So I have this dream almost every night about the restaurant I want to open with my significant other. It has evolved into something rather extraordinary and unique in my mind — not to mention specific (location and all) — but I’m not sure the best way to proceed from here.
Do I take a loan if I can get one, look for investors to back me… who can I even trust with my vision?
I love a good dream. But this one sounds like it’s in the early phases of development. The trouble with dreams is that it’s easy to get stuck in the reverie and skip out on actually taking action.
We’ve all had that friend who talks about their business idea they’ve never actually tried to launch, right? Or the guy who swears he’ll be an overnight success one of these days?
As annoying as those people are, there’s an opposite type of dreamer: the type who doesn’t tell anyone about their dream. They dwell on it and think and ponder and muse, but they don’t force those thoughts out of their brains and onto paper.
You have a dream. Do you have a plan?
It’s time to take off those rose-colored glasses and get real about your ambitions and your action steps. If you haven’t already started talking to your partner about your business idea, the time to start is yesterday. Starting a business is stressful on couples: If starting out together, you need immense financial confidence and a solid safety net; if going it alone, you still need substantial emotional buy-in from your partner.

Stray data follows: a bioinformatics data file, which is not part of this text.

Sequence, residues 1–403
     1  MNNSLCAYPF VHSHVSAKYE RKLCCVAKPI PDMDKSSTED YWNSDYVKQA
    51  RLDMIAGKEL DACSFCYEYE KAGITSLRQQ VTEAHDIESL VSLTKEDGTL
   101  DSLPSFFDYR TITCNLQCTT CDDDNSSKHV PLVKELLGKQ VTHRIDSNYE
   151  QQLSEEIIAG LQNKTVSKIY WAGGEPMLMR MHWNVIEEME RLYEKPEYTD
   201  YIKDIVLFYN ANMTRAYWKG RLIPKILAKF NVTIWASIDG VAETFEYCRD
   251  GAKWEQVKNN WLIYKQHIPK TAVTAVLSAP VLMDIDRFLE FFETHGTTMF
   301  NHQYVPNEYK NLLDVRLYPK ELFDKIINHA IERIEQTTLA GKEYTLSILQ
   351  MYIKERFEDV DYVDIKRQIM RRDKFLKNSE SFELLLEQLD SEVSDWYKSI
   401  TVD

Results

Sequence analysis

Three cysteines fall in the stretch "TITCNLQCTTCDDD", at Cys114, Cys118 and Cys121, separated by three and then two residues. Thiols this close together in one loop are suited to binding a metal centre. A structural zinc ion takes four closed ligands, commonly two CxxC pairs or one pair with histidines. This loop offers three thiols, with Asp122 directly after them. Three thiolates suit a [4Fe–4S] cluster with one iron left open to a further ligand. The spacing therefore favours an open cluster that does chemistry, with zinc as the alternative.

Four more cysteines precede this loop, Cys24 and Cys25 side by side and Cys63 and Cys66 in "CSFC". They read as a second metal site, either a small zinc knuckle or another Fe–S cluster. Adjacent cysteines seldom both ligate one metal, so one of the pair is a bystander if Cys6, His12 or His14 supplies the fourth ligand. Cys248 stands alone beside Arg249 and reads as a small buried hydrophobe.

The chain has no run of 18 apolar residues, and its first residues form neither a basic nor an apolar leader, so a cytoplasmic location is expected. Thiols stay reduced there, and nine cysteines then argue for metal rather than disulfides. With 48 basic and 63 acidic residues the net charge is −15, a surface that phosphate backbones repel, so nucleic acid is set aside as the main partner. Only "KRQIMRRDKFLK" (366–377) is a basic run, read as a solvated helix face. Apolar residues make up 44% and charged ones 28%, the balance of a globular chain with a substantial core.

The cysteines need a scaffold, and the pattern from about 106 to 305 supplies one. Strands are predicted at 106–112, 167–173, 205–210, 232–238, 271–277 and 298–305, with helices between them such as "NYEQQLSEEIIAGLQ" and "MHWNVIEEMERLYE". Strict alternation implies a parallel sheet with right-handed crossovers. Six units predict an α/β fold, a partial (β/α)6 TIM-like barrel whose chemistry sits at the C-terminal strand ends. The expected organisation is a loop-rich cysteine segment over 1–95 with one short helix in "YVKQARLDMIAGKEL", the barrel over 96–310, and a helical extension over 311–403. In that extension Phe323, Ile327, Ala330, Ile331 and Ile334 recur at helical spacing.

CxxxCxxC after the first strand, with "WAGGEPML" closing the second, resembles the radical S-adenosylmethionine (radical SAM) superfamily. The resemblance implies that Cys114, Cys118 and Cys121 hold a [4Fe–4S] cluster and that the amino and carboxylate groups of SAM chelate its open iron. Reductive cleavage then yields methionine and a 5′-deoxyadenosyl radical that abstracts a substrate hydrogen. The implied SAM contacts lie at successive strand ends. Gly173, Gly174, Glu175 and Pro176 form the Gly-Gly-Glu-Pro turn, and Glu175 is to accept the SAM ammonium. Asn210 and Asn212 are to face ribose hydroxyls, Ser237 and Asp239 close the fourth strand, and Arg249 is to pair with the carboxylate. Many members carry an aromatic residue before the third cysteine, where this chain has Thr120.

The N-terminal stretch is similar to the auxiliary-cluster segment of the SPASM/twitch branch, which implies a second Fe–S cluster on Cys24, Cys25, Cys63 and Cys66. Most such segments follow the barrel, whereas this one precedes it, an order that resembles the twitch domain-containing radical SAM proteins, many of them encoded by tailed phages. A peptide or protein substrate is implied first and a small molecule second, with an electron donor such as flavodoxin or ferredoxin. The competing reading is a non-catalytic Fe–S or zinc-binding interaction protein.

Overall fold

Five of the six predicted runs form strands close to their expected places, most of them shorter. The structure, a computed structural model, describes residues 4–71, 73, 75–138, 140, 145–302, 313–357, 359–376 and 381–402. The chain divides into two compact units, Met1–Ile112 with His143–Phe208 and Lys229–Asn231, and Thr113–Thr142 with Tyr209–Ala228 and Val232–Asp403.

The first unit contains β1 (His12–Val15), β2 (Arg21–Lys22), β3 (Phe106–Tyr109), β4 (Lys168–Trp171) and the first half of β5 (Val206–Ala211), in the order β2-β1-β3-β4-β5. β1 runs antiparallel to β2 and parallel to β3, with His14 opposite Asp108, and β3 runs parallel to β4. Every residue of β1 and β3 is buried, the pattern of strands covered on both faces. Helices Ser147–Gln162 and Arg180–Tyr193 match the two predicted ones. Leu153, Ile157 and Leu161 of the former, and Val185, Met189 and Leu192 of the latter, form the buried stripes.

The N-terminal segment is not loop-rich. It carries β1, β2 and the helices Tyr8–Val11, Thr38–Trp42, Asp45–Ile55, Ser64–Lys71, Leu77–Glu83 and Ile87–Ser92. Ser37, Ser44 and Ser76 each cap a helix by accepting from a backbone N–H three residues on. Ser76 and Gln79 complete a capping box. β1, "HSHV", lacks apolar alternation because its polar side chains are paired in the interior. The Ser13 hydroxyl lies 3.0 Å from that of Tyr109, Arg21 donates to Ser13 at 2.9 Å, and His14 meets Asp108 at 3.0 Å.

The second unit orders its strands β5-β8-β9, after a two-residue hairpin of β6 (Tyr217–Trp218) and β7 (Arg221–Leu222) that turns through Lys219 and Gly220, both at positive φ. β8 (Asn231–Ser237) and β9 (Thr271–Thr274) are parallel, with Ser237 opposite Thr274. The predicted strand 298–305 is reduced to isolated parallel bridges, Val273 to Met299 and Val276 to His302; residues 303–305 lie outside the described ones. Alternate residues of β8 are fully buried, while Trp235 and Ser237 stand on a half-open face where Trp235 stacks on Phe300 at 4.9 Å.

Next, it’s time for research. About half of all small businesses shutter by their fifth anniversary, so it’s up to you to arm yourself with information to help your chances of survival. Check out some library books on business planning. Find low-cost small business classes offered by your local economic development corporation. Consider signing up for a free SCORE mentor. Consider ways to dip your toe in the entrepreneurial pool with a side hustle before cannonballing in.
Once you’ve developed a business plan and identified your goals, you can start thinking about ways to fund your dream. You can find entire classes and plenty of business books about how to obtain the capital you need to start your business. (In the meantime, start saving!)
But let’s not get ahead of ourselves. Your job right now is to start talking about your dream. Start talking about it like it’s reality. Talk to your partner, your friends, people you trust in your community. Get your dream out of your head, and see how it sounds out loud and looks on paper. Then start making some plans, even if it’ll be five or 10 years before you can actually open the restaurant of your dreams.
Have an awkward money dilemma? Send it to [email protected].
Disclaimer: Chosen questions and featured answers will appear in Codetic’s “Dear Penny” column. I won’t be able to answer every single letter (I can only type so fast!). We reserve the right to edit and publish your questions. Don’t worry — your identity will remain anonymous. I don’t have a psychology, accounting, finance or legal degree, so my advice is for informational purposes only. I do, however, promise to give you honest advice based on my own insights and real-life experiences.
Lisa Rowan is a senior writer at Codetic.